Cover for Can Governments Learn?

Can Governments Learn?

American Foreign Policy and Central American Revolutions

Book1985

Author:

Lloyd S. Etheredge

Can Governments Learn?

American Foreign Policy and Central American Revolutions

Book1985

 

Cover for Can Governments Learn?

Author:

Lloyd S. Etheredge

About the book

Browse this book

Book description

Can Governments Learn? American Foreign Policy and Central American Revolutions examines U.S. foreign policy toward revolutions which use Marxist rhetoric, receive material aid fro ... read full description

Browse content

Table of contents

Actions for selected chapters

Select all / Deselect all

  1. Full text access
  2. Book chapterNo access

    Chapter 1 - PLANS, A BATTLE … AND FAILURE

    Pages 1-36

  3. Book chapterNo access

    Chapter 2 - REALITY AND THE POLICY PROCESS: NINE STORIES

    Pages 37-65

  4. Book chapterNo access

    Chapter 3 - EXECUTIVE BRANCH LESSONS, MONGOOSE, AND THE MISSILE CRISIS

    Pages 66-94

  5. Book chapterNo access

    Chapter 4 - BLOCKED LEARNING IN THE EXECUTIVE BRANCH

    Pages 95-122

  6. Book chapterNo access

    Chapter 5 - SYSTEM-CONSTRAINED LEARNING

    Pages 123-140

  7. Book chapterNo access

    Chapter 6 - DUAL-TRACK DECISION MAKING AND THE AMERICAN FOREIGN POLICY SYSTEM

    Pages 141-169

  8. Book chapterNo access

    Chapter 7 - RETURN ENGAGEMENT: THE 1980s

    Pages 170-215

  9. Book chapterNo access

    INDEX

    Pages 216-227

  10. Book chapterNo access

    ABOUT THE AUTHOR

    Page 228

About the book

Description

Can Governments Learn? American Foreign Policy and Central American Revolutions examines U.S. foreign policy toward revolutions which use Marxist rhetoric, receive material aid from the Soviet Union, and are directed against a repressive government that has been the beneficiary of substantial material and political assistance from the United States. The case material is drawn from the history of American policy in Latin America; the 1954 overthrow of a leftist government in Guatemala; the evolution of Cuban policy from 1958 to 1962; and the repetition of similar policies in the 1980s. This book is comprised of seven chapters and begins by reviewing the history of America's failed Bay of Pigs invasion in 1961, Operation MONGOOSE, and the Cuban nuclear confrontation crisis of 1962. The successful use of the Bay of Pigs model in 1954 (against a government in Guatemala) is examined, along with the U.S. government's contract with the Mafia to assassinate Premier Fidel Castro at the time of the Bay of Pigs invasion. The following chapters look at three vectors reflecting the blockage of government learning: the adoption of similar policies across historical encounters; the repetition of collectively self-blocking behavior within the national security decision process; and the repetition of a common syndrome of errors in judgment and perception. The final chapter analyzes American foreign policy toward Central America in the 1980s and offers suggestions to improve the foreign policy learning rate. This monograph will be of interest to diplomats, politicians, political scientists, and others concerned with international relations.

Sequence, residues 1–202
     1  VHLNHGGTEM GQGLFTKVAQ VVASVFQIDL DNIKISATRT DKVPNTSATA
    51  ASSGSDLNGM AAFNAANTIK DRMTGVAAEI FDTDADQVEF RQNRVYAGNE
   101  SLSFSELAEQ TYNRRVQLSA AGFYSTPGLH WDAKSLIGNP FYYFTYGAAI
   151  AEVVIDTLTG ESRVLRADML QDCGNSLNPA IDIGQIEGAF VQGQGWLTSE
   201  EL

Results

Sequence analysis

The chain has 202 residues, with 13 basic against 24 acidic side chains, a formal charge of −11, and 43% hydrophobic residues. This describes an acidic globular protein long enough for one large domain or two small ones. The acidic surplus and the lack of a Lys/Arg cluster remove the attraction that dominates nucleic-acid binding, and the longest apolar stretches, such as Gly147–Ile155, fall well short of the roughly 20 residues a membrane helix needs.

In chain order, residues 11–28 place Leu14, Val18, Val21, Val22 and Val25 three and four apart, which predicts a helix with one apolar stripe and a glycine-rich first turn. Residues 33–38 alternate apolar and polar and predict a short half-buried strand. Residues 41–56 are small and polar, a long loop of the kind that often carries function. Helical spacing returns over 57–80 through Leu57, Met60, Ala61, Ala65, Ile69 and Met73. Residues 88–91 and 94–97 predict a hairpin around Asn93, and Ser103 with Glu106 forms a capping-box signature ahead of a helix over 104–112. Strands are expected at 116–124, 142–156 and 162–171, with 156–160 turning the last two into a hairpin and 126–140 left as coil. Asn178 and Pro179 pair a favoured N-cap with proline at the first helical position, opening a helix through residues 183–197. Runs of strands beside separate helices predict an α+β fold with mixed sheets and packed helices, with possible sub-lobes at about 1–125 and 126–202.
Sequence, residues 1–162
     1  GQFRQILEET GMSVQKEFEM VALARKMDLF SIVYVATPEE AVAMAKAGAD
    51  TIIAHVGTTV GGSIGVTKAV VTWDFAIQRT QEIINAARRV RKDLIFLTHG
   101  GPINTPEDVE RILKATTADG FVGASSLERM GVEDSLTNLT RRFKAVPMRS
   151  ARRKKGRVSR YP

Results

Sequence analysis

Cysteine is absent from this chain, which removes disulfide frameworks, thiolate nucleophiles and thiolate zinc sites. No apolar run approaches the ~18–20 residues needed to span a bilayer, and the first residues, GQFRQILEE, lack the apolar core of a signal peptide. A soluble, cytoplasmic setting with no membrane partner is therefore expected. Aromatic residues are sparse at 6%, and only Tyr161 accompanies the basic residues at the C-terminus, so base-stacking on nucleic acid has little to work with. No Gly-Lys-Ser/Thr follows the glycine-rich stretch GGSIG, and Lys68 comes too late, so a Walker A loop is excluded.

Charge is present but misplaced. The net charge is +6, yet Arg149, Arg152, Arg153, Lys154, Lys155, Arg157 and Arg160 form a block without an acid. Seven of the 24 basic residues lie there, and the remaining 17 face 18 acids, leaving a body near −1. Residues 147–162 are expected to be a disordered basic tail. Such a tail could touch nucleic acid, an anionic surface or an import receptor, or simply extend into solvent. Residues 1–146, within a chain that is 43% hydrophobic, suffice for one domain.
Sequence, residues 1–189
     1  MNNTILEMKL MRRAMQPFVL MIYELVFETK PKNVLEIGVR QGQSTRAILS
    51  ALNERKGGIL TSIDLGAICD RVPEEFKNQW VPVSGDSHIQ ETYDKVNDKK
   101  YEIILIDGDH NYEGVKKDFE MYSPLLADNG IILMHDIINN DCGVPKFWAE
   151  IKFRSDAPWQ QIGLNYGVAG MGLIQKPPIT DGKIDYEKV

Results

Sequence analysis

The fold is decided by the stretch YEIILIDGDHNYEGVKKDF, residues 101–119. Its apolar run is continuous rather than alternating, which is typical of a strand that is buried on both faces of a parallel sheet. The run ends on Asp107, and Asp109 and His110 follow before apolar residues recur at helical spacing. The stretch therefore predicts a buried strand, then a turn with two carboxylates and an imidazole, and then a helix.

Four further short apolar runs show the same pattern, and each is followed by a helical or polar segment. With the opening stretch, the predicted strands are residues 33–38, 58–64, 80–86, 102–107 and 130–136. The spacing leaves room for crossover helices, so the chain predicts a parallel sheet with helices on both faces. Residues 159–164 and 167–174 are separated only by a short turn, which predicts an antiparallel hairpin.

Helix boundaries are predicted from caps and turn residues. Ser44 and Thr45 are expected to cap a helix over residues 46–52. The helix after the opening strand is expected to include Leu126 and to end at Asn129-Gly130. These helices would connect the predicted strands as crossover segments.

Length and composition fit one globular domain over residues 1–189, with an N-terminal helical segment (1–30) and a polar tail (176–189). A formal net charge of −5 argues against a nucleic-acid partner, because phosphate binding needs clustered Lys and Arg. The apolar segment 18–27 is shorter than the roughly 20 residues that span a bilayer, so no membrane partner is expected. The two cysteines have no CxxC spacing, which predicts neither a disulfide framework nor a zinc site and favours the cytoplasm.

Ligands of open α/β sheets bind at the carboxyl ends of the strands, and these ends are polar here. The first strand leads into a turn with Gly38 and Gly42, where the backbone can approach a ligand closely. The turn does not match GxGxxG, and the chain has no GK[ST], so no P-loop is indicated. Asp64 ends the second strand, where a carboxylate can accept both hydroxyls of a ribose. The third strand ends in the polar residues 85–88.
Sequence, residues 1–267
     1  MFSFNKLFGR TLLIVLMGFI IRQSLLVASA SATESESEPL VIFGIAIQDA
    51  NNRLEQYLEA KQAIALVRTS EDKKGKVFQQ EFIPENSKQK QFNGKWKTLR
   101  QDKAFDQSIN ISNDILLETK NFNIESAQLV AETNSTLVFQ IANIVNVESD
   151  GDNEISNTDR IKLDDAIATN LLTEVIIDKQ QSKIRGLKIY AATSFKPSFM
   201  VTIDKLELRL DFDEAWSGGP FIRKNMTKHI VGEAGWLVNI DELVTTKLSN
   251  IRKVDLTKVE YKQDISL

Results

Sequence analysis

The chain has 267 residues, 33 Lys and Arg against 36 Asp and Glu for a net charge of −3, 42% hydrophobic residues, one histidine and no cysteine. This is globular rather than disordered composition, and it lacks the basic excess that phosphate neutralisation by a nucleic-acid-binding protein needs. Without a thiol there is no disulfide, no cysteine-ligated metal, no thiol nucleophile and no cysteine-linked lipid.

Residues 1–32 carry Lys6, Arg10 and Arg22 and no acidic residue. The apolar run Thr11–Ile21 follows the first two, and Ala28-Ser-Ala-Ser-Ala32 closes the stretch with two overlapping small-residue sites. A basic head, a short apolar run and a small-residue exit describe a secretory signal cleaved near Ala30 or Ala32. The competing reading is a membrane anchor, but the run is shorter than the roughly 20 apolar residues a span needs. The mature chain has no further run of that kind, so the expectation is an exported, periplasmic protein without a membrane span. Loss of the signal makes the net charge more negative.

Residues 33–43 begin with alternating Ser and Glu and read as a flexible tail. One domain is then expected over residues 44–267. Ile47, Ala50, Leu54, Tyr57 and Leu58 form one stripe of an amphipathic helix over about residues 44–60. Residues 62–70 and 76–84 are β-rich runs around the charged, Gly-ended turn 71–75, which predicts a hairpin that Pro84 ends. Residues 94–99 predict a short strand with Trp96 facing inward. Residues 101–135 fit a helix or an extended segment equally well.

Can Governments Learn? American Foreign Policy and Central American Revolutions examines U.S. foreign policy toward revolutions which use Marxist rhetoric, receive material aid from the Soviet Union, and are directed against a repressive government that has been the beneficiary of substantial material and political assistance from the United States. The case material is drawn from the history of American policy in Latin America; the 1954 overthrow of a leftist government in Guatemala; the evolution of Cuban policy from 1958 to 1962; and the repetition of similar policies in the 1980s. This book is comprised of seven chapters and begins by reviewing the history of America's failed Bay of Pigs invasion in 1961, Operation MONGOOSE, and the Cuban nuclear confrontation crisis of 1962. The successful use of the Bay of Pigs model in 1954 (against a government in Guatemala) is examined, along with the U.S. government's contract with the Mafia to assassinate Premier Fidel Castro at the time of the Bay of Pigs invasion. The following chapters look at three vectors reflecting the blockage of government learning: the adoption of similar policies across historical encounters; the repetition of collectively self-blocking behavior within the national security decision process; and the repetition of a common syndrome of errors in judgment and perception. The final chapter analyzes American foreign policy toward Central America in the 1980s and offers suggestions to improve the foreign policy learning rate. This monograph will be of interest to diplomats, politicians, political scientists, and others concerned with international relations.

Details

ISBN

978-0-08-032401-2

Language

English

Published

1985

Copyright

Copyright © 1985 Elsevier Inc. All rights reserved.

Imprint

Pergamon

Authors

Lloyd S. Etheredge

Nelson A. Rockefeller Institute of Government, State University of New York at Albany